Where are the best and worst states to retire?
Many of us long for a retirement that will feel like going on a permanent vacation. But before we buy that beach bungalow, box up our stuff and break out the Costco-sized wine spritzers, a reality check may be in order.
Bankrate’s latest ranking of the best and worst states to retire finds the fun-in-the-sun places often associated with retirement may have drawbacks as we face aging issues and our savings dwindle. Retiree meccas like Florida and Arizona don’t come close to cracking our top 10.
Our top pick, New Hampshire, probably won’t be the best place to work on your tan, but it will provide many of the necessities for a comfortable and sustainable retirement.
Many do want to retire somewhere else
It’s no myth that many people dream of moving in retirement. A new Bankrate survey shows that just under half of Americans — 47 percent — would consider relocating when they retire. Higher-earning households and younger people are more likely to say so than everyone else.
According to our poll, Americans’ priorities for a retirement haven suggest they’re giving a lot of thought to practical considerations like cost of living and health care.
Find your retirement sweet spot
“There’s absolutely no doubt that warmer climates do attract” seniors, says Karen Holden, professor emeritus at the University of Wisconsin’s La Follette School of Public Affairs. But there’s much more to sound retirement decision-making, she says.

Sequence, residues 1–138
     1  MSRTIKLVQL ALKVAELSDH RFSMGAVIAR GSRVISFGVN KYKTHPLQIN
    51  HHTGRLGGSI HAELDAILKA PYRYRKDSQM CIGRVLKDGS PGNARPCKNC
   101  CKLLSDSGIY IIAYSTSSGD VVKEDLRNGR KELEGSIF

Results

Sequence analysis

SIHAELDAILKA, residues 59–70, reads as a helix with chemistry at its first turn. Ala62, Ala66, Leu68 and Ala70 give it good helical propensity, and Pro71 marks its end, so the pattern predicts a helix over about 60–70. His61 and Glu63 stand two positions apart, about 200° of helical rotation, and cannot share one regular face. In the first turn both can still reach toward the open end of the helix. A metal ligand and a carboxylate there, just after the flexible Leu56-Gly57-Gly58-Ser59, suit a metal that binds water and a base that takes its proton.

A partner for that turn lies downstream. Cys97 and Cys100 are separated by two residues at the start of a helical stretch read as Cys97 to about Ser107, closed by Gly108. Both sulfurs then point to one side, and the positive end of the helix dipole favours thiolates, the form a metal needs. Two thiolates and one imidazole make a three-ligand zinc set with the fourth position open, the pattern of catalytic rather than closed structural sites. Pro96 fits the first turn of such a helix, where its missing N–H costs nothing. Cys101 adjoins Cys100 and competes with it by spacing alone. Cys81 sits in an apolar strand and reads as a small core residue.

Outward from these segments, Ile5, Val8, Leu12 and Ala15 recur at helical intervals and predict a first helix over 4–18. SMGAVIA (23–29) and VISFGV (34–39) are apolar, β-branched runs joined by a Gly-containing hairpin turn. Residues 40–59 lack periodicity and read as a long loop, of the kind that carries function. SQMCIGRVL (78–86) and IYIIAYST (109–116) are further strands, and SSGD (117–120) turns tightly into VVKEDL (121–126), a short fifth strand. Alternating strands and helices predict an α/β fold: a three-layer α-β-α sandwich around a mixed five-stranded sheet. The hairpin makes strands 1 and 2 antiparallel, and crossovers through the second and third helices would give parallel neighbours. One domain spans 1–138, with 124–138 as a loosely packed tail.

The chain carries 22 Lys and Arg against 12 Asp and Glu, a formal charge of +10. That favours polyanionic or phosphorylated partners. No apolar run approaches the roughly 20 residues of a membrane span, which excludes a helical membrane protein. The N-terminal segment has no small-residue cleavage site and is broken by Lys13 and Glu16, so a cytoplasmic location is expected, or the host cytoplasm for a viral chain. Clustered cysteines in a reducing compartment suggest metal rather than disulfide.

Most retirees depend on some kind of fixed income, such as Social Security. The key is finding a place where they can maximize that money, says Nari Rhee, director of the Retirement Security Program at the University of California-Berkley’s Labor Center.
“They think, the state has low taxes, ergo I can stretch my dollars further,” Rhee says. “but if that also means they’re going to be paying more for out-of-pocket costs for their health care or long-term care, then that’s going to make a difference.”
How we rate the states
To rank the states according to what people say they want in retirement, we pull together data on these eight criteria:
- Cost of living
- Healthcare quality
- Cultural vitality
- Senior citizens’ overall well-being
- The prevalence of other seniors
Two of our categories are new: cultural vitality (whether residents can find fun stuff to do) and the prevalence of other seniors (whether it would be easy to find other retirees to hang out with).
We weight the factors based on the importance they were given in our survey.
Data sources: Agency for Healthcare Research and Quality, American Public Health Association, Council for Community and Economic Research, Creative Vitality Index, Federal Bureau of Investigation, Gallup-Healthways, National Oceanic and Atmospheric Administration, Partnership for Prevention, Tax Foundation, Princeton Survey Research Associates
International, United Health Foundation, United States Census Bureau